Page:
Raynaud's phenomenon is a condition that affects blood vessels in the fingers, toes, ears, nose, and lips. During a Raynaud's attack the blood vessels constrict, which decreases blood flow. Typically, attacks last around fifteen minutes, but may last only one minute or up to several hours. When a Raynaud's attack occurs, there can be pain, numbness, tingling, swelling, throbbing, and discoloration of the affected digit or lobe. It is possible for sores to develop on the affected body part. Raynaud's attacks are often brought on by exposure to cold or periods of excessive stress.
Primary Raynaud's phenomenon is considered the more mild form of the condition. No other disease is associated with primary Raynaud's phenomenon. Secondary Raynaud's phenomenon is less common, yet more severe. Secondary Raynaud's phenomenon is associated with other connective-tissue diseases.
Diagnosing and Treating Raynaud's Phenomenon
Beyond a physical examination (which looks for blueness or pallor of the skin and redness with rewarming, as well as pitting scars or ulcers of the skin) and blood tests (sedrate and antinuclear antibody test) to rule out other rheumatic diseases, there are some specific diagnostic tests for Raynaud's phenomenon: nailfold capillaroscopy and a cold stimulation test.
Treatment of Raynaud's phenomenon is focused on preventing future attacks and permanent tissue damage. It is very important to warm the affected areas, keep yourself warm, manage your stress, stop smoking, relax, and exercise.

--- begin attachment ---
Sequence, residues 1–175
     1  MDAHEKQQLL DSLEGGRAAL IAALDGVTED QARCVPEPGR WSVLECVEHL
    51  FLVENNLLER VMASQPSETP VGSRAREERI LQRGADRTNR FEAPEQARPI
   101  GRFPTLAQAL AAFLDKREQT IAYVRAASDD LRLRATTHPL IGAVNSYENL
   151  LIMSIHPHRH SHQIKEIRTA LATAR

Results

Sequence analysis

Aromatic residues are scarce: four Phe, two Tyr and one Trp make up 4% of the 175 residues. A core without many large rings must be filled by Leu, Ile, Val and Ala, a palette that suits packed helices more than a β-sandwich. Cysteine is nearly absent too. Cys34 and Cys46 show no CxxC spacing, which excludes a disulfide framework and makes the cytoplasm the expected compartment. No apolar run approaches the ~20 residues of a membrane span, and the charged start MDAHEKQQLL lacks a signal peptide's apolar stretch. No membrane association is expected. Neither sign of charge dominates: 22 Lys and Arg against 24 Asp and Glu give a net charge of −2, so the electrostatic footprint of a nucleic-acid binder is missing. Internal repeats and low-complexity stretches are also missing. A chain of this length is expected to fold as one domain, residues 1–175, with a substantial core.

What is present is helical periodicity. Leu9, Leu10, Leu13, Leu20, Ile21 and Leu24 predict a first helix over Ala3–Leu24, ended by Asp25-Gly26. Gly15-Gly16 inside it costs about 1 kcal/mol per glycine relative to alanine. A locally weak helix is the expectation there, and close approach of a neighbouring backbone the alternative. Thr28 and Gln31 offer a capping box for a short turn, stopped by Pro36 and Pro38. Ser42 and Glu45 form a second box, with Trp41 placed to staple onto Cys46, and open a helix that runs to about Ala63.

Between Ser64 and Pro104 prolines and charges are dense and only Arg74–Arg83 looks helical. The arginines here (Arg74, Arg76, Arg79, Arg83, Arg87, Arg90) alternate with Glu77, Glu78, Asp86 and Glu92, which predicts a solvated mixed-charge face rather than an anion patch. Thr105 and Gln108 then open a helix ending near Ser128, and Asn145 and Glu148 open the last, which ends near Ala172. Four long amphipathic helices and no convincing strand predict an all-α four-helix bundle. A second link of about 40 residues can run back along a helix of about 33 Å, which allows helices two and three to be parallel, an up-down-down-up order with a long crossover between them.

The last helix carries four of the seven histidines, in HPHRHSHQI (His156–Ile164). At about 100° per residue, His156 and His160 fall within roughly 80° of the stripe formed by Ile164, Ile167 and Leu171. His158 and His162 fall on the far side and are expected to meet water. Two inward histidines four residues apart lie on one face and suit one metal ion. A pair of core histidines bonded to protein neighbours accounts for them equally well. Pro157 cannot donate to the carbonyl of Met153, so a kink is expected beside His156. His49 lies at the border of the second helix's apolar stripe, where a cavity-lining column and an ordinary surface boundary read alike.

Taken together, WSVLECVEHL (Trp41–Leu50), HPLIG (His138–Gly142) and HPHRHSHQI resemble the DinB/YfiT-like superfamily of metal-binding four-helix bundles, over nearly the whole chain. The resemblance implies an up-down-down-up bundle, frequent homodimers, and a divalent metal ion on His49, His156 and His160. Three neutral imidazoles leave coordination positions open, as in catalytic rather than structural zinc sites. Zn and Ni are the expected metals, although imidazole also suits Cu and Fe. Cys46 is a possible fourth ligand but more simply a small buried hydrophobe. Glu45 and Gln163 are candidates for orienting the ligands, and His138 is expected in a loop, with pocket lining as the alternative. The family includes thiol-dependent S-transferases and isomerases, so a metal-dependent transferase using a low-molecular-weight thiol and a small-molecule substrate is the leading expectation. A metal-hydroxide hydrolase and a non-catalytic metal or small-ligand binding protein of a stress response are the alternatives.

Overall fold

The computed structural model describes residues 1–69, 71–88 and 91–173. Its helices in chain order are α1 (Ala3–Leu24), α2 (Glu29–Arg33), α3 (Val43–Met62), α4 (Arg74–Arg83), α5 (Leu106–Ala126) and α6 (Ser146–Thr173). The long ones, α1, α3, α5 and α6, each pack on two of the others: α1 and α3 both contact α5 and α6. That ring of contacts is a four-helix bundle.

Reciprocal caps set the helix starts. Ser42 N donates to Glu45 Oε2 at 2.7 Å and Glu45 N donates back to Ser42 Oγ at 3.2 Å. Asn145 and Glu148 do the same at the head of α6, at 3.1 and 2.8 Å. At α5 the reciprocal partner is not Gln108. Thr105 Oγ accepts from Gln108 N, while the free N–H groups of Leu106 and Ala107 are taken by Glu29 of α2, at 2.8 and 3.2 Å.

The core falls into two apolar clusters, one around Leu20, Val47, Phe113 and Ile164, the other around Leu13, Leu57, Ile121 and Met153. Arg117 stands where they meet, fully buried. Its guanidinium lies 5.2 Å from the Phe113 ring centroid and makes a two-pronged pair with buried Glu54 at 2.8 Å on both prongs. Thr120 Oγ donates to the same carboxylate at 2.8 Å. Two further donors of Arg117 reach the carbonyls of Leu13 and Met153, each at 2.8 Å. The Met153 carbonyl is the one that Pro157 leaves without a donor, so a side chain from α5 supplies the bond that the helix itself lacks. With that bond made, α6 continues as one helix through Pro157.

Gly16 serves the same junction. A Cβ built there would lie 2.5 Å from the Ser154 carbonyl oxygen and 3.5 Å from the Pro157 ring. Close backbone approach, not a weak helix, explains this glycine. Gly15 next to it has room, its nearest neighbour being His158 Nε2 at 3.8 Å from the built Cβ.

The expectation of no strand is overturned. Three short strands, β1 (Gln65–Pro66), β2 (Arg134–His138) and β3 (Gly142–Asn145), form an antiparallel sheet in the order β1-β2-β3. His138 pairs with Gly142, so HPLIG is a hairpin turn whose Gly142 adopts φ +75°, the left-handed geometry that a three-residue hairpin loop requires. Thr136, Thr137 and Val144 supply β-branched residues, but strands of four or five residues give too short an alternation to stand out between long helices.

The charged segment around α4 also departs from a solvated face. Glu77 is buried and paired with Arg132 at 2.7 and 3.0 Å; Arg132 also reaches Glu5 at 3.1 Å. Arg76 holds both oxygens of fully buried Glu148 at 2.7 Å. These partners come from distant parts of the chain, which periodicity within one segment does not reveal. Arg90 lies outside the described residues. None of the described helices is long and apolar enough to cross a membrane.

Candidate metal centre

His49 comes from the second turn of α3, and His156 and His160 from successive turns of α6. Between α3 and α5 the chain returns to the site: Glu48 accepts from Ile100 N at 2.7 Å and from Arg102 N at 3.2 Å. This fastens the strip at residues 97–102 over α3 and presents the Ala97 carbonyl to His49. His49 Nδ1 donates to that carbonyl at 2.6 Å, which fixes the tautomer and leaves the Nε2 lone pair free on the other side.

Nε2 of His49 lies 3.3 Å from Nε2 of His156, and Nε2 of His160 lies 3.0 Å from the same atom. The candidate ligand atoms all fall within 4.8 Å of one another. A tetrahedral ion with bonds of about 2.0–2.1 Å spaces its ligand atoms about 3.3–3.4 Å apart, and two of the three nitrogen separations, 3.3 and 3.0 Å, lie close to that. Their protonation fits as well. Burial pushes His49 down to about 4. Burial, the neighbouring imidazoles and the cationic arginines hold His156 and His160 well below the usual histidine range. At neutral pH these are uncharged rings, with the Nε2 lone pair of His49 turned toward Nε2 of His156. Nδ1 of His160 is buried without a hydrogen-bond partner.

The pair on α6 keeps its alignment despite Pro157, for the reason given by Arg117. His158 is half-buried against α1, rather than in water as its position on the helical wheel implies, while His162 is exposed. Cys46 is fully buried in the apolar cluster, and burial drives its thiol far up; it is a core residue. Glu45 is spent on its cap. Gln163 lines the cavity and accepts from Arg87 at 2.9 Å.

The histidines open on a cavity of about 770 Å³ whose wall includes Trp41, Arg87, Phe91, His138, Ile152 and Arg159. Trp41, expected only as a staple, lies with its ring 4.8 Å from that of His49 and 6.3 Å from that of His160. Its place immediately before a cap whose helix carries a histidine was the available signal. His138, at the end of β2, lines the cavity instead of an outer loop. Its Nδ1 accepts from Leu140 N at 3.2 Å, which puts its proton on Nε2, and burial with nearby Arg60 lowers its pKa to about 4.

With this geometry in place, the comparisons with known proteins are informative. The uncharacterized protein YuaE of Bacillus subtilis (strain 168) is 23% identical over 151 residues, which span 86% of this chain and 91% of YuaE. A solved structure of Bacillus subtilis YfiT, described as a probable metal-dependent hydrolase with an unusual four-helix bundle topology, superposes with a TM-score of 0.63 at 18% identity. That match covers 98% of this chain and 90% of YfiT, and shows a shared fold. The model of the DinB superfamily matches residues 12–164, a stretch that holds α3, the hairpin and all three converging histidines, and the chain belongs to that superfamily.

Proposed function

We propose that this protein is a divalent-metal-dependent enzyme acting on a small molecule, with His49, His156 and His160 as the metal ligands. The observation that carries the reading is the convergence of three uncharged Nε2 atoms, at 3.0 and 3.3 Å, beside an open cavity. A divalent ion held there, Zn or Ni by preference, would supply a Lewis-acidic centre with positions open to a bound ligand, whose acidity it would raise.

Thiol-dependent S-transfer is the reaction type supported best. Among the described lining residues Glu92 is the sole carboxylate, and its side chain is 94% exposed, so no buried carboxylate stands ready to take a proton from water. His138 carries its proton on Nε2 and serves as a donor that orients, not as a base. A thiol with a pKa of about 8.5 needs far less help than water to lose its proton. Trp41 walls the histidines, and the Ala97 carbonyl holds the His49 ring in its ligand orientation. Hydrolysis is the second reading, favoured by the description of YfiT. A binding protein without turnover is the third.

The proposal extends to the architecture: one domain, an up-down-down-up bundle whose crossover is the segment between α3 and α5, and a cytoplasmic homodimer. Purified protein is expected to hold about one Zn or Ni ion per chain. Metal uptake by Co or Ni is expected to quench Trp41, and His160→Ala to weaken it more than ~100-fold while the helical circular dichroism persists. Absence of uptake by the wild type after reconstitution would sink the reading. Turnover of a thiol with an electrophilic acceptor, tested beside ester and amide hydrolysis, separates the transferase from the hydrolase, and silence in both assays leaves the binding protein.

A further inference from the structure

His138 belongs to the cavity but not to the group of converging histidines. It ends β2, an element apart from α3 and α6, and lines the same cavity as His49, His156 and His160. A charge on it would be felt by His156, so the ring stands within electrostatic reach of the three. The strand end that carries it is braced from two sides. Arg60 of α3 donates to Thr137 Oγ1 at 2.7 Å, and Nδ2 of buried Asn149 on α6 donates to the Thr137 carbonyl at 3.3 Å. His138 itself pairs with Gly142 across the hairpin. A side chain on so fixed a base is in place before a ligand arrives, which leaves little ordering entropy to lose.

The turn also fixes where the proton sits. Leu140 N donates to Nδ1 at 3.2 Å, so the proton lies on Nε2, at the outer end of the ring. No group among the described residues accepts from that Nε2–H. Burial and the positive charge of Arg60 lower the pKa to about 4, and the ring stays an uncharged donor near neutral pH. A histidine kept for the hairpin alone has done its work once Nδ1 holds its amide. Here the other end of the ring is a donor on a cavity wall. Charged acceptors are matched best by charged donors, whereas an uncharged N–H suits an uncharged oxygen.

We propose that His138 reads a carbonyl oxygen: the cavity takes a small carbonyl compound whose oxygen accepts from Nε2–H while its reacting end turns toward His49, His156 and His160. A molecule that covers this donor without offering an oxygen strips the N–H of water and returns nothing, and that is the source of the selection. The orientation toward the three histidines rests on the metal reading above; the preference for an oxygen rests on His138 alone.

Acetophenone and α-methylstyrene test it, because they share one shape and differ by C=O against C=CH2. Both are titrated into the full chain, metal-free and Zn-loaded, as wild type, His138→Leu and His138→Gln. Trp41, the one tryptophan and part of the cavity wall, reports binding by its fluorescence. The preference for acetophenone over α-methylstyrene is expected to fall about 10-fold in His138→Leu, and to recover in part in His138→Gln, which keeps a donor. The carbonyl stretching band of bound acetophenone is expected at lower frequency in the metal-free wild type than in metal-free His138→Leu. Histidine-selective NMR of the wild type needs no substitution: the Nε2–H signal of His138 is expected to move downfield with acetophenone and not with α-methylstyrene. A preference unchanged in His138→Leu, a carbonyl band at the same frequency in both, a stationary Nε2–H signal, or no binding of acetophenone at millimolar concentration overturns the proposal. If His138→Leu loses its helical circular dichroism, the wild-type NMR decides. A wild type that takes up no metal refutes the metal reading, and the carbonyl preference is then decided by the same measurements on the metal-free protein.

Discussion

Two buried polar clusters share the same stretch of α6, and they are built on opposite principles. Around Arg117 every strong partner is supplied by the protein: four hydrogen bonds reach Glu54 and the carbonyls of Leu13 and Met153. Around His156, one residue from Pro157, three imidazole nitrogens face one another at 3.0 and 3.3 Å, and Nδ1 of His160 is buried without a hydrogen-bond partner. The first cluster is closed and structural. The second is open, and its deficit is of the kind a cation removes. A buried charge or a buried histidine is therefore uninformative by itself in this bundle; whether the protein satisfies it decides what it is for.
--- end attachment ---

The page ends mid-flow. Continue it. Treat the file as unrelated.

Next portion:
Medications such as calcium channel blockers, vasodilators, and smooth muscle relaxers are helpful. Surgery may be used in extreme cases. Usually, people adjust to living with Raynaud's phenomenon and are conscious of what can aggravate the condition.
Prevalence of Raynaud's Phenomenon
Approximately 85 to 95 percent of people with scleroderma or a mixed connective-tissue disease (MCTD) also have Raynaud's phenomenon. It is estimated that a third of lupus patients also have symptoms associated with Raynaud's phenomenon.
About 75 percent of all primary Raynaud's cases occur in women ages fifteen to forty. According to NIAMS, it has been estimated that Raynaud's phenomenon affects 5 to 10 percent of the general population in the United States, though estimates vary.
It is imperative for a person who suffers from Raynaud's phenomenon to keep warm. Wear gloves, even inside the house, if it helps. Rule number one is to protect yourself from the cold in any way you can.